There have been nine United Nations secretaries-general over the past 75 years, from all corners of the earth. But they’ve had one thing in common—they’ve all been men.
“Achieve gender equality and empower all women and girls.” That’s UN Sustainable Development (SDG) Goal Five. “End all forms of discrimination against all women and girls everywhere.” That’s the first target for Goal Five. The UN is responsible for helping every country achieve that target by 2030.
That effort should start in the UN’s own house.
It’s time to choose the next “SG.” António Guterres, a veteran diplomat, former UN high commissioner for refugees and ex-prime minister of Portugal, has been in the job since 2017 and seeks a second term. The process for selecting the SG changed in 2015, becoming more transparent and inclusive. Campaigns including 1 for 7 Billion, of which Human Rights Watch is a member, want further reforms.
Several countries — China, Germany, and the United Kingdom — endorsed a second term for Guterres before more candidates emerged. In 2015, the presidents of the General Assembly and the Security Council called for member states to nominate women; this year they did not. But because of the 2015 changes, it is more likely candidates can come forward to run against the incumbent. A woman working for the UN, Arora Akanksha, announced her candidacy in February, drawing attention, again, to the lack of women in the role. In 2016, there were seven women candidates and six men.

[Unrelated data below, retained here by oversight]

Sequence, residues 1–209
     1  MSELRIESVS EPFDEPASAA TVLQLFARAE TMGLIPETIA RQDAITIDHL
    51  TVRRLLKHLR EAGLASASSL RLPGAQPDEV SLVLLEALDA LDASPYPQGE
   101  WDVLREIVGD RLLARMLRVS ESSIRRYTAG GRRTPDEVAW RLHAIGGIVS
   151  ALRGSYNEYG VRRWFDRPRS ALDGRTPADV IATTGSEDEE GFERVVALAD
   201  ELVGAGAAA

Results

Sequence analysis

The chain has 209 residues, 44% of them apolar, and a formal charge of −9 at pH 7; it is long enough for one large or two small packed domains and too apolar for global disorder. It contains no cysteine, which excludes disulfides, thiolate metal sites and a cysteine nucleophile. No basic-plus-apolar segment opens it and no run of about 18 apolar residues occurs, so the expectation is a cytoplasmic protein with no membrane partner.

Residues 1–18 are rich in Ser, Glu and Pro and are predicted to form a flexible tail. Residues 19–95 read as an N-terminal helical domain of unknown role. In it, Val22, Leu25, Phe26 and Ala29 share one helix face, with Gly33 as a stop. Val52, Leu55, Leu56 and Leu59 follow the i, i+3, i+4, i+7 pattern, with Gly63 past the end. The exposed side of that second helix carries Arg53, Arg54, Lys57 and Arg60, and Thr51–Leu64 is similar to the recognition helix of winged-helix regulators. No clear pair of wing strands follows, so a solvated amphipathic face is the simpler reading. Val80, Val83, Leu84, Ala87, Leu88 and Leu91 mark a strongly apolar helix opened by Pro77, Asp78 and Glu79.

Human Rights Watch is calling for competition and gender diversity in the candidate pool. Both Guterres and the General Assembly president voiced support for a transparent selection process this year. All UN member states committed to gender equity should consider presenting and supporting strong female candidates, an approach 1 for 7 Billion supports. With a diverse candidate pool in place, member states should select the most qualified candidate.
We are facing a crisis in women’s rights. The Covid-19 pandemic disproportionately affects women; the UN predicts it will push 47 million more women and girls into poverty, and drive 13 million additional child marriages over the next 10 years. We need SDG Goal Five to be a reality, and the UN’s ability to help lead the world out of this crisis is undermined as long as gender equity is missing – from bottom to top.
This post was originally published on Human Rights Watch News.